(Photo by Tom Turner)

I have never felt comfortable creating a line for manufacturing that has to be less and less expensive. That is a race I cannot win. You come to me when you want the most unusual thing available, and I love a good challenge. I am a prolific artist and I tell all my students, even if you only do one thing for your art career a day, you will have 365 things at the end of the year.

And I have a very special charm that has been bestowed upon me…when someone is really really mean to me, something extra extra good happens! This is the power of being aligned with my work, and working to keep my energy in balance with the universe.

Lh: How do you empower other women?

Linda: I empower other women by telling their stories and by making them feel important, and that I support and believe that their experiences are valid. Creating a supportive community is a very powerful tool!

The book 100 Women of Jewelry was a blazing inspiration for me. Many events converged for this project to manifest. I had noted some differences in the way I was treated in the jewelry business as a woman, and I began to wonder if that was not the truth for other women as well. I was always naïve about sexism in the workplace because I had no one to talk to about these issues. For many years, I was the only woman on Pearl Street in Boulder in the 1970’s working as a bench jeweler and I paid hefty dues for that life experience.

jewelry designer Satta Matturi for 100 Women of Jewelry by Linda Kozloff-Turner
Jewelry designer Satta Matturi for ‘100 Women of Jewelry’

In 2016 I made the decision to interview 100 women designers, artists, and bench jewelers in the jewelry industry and to unearth their stories. I approached the project as a court scribe, without being judgmental. I listened to 97 women jewelry designers (to date) describe their experiences while they developed and built their jewelry businesses. Some artists have found that being a woman is the penultimate advantage in being a designer. Some women made jewelry to save their lives and to support their families. And some women were made painfully aware of their gender inequality as they tried to further their careers in what was once a man’s world.

I also saw a lack of diverse representation in the jewelry world and I set out to address that issue. You can meet all the women I have interviewed on the front page of my website: womenofjewelry.com. What you will find is diversity in culture, style, and age. I wanted to represent a full spectrum of women artists. This was the only path I could see to obtain a broad understanding of what our industry has to offer us as women. I was very fortunate to find a photographer, Hardy Klahold, to work with me on this project. I also am very excited that Frank Stankus is our editor!

In the jewelry industry, it is all too common to present oneself as if everything is alright, perfect, and with no problems. That is the epic fail of today’s social media. When I start to reveal the stories of every woman, I also discuss their struggle, their pain, and their unerring commitment to success. This is where the real story lies. I now say that this is 100 women’s stories, that all happened to be jewelry designers. As a fine arts professional, it was also my intention to curate the largest exhibition of women’s jewelry to date. I intend to host this exhibition at the Fashion Institute of Technology in NYC in November of 2022.

Each volume will have a tribute. The first volume will be dedicated to Cindy Edelstein. And the second volume is dedicated to Professor Yupadee Kobkulboonsiri from FIT. Both women designers who passed away much too young and were greatly influential in the jewelry industry.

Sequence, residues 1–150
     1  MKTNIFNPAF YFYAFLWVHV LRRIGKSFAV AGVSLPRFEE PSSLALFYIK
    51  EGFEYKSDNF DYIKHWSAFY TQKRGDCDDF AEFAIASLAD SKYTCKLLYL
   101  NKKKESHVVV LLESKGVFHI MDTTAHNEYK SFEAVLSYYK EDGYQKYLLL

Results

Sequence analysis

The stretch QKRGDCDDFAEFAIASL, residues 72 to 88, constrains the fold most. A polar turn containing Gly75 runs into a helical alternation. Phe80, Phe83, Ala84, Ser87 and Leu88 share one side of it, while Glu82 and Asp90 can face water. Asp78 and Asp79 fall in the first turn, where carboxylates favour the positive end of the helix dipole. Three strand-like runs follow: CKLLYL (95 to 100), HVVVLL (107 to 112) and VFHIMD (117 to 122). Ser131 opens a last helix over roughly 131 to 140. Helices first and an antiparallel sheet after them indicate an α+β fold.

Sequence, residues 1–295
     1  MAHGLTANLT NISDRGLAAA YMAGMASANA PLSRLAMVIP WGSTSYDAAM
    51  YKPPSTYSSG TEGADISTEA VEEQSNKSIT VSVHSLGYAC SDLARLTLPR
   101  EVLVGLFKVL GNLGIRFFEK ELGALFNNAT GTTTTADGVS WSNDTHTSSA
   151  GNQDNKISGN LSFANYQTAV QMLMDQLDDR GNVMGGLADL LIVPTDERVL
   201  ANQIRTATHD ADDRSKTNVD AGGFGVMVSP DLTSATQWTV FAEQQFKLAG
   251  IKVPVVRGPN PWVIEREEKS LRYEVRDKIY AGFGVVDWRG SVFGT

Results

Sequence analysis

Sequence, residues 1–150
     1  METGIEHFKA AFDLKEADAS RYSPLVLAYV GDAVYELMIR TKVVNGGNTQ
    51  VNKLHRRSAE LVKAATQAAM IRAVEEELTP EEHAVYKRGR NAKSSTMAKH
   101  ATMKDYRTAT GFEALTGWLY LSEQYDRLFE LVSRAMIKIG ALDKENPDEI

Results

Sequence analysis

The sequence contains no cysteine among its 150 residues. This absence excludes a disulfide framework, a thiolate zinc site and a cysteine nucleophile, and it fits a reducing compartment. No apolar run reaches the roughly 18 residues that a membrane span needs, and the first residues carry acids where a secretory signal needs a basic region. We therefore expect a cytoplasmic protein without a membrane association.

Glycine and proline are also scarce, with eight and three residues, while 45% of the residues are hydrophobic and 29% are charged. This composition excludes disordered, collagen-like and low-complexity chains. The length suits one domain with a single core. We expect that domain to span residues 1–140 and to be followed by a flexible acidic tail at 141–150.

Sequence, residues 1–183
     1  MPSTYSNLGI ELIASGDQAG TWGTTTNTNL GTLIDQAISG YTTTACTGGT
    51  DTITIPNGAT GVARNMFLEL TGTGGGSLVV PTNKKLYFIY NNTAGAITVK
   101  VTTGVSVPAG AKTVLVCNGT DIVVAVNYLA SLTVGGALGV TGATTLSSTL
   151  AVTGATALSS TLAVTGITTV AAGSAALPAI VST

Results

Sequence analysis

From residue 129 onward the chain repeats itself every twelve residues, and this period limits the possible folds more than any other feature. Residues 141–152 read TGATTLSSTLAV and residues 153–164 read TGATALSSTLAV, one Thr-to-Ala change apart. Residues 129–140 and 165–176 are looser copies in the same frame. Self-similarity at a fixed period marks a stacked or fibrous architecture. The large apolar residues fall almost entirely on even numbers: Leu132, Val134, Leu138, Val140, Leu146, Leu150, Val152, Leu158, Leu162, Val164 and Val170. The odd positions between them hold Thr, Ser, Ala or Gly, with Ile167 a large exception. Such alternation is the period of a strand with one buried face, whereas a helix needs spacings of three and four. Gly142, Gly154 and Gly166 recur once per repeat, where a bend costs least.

I do have a specific set of criteria for each woman I have selected and included. She needs to be currently working in the industry, a professional in every way, and then she needs to have a powerful story to tell.

Lh: What three pieces of advice would you give to a young woman starting her career?

1. Create an honest and feasible business plan. Being underfunded is the kiss of death for a beginning jewelry designer. There are dozens of hidden costs that do not appear until they demand your attention. Plan ahead!

2. Decide what constitutes your interest in the industry. Make sure you do your ‘due diligence. Study the market. Educate yourself in the jewelry-making process. Learn as much as you can. Knowledge is your greatest tool.

3. Find people that can support you emotionally and financially. Being around professionals that are positive and supportive is going to be your pillar of strength. Don’t rule out your connection community. Join like-minded groups, and be a part of something special that will bring to you more than you could ever imagine. And then when you get in a position to do so, give back to those who need it the most. Pass it on!

Lh: Do you have any mottos you like to live by? Or favorite empowering quotes?

 “A journey of a thousand miles begins with a single step.” Lao Tzu

Never forget how fragile our time here is on earth. Keep things in perspective!

Lh: What’s next for Linda Kozloff-Turner?

Linda: What is next? My priority is to publish both volumes of the book 100 Women of Jewelry. And to establish the exhibition of all 100 women jewelry designer’s work at FIT.

Graduating this year as a Graduate Gemologist from GIA will be a lifelong goal, as I intend to add appraising to my skill set. I have other books I am writing currently, and the future holds a PhD in humanities.

If you can’t wait to read 100 Women of Jewelry as much as us sign up online or email Linda Kozloff-Turner at linda@womenofjewelry.com to stay apprised of her progress with the book and exhibition of women jewelry designers. You can also follow her at @womenofjewelry on Instagram to show your support, and to learn more. This community of women is amazing!